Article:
Emily Lewsen is an experienced, insightful criminal litigator and labour advocate, who brings a deep understanding of the law and the challenges her clients face to defending the interests of working people and people facing criminal charges.
Emily practices criminal law before courts at the appellate and trial levels. She represents clients charged with a range of offenses. Emily remains always acutely aware of the devastating life-impact a criminal charge can have for a person accused. She also practices labour law before the Ontario Labour Relations Board and in arbitrations. As a labour lawyer, Emily advocates for unions in sectors such as transit and education.
Since joining the firm as an associate in 2019, Emily has worked collaboratively with the UPFH criminal law group on criminal matters ranging from a successful appeal of a murder conviction to the defence of protesters charged with mischief and offences against the Railway Safety Act. Her commitment to criminal defence is reflected in her volunteer work as duty counsel with the Summary Conviction Appeals program at the Superior Court of Justice for Ontario. On the labour side, she has served as co-counsel for unionized transit and educational workers in a number of labour arbitrations and other proceedings.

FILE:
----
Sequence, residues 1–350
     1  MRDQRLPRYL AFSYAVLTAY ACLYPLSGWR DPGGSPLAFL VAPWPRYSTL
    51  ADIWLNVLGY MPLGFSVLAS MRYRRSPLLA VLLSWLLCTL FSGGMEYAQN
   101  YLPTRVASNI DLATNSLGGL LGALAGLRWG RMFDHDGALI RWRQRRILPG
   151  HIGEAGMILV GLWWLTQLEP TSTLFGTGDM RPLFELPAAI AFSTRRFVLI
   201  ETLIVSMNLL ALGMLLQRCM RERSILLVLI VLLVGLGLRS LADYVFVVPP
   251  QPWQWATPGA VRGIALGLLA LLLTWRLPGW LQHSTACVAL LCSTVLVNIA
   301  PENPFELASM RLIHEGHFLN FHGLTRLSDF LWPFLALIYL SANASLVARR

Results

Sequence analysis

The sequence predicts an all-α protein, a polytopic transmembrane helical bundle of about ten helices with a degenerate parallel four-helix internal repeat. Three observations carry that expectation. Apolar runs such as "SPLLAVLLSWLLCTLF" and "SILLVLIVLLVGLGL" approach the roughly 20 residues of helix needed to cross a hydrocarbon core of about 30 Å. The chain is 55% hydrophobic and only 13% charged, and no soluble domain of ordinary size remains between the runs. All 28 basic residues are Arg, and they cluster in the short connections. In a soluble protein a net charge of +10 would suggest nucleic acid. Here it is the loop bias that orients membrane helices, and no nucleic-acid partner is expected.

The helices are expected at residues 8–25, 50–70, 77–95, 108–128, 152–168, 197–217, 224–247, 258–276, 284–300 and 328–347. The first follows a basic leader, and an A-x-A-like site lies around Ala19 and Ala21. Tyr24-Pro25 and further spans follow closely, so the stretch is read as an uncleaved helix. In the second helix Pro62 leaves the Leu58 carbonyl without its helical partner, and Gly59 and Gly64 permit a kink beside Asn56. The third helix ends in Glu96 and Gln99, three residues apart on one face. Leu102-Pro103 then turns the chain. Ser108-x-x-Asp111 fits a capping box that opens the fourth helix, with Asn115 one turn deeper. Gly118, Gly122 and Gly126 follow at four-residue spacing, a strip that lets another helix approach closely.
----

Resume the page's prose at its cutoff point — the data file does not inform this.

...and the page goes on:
Emily teaches legal research and writing as an adjunct professor at the University of Toronto, Faculty of Law. She also has a number of publications in refereed journals on issues such as minority language rights in education, student privacy rights and opt-out provisions on ancillary fees at colleges and universities.
Emily is a member of the Criminal Lawyers’ Association, the Ontario Bar Association and the Canadian Association of Labour Lawyers. She holds a JD from Osgoode Hall Law School, an MA in Middle Eastern Studies from the University of London (SOAS) and an honours BA in English and history from McGill University.
Decisions of Interest
- A successful appeal of a murder conviction in which, as co-counsel, Emily helped persuade the court that the trial judge erroneously admitted the appellant’s confession having failed to conduct the necessary preliminary examination (voir dire) beforehand.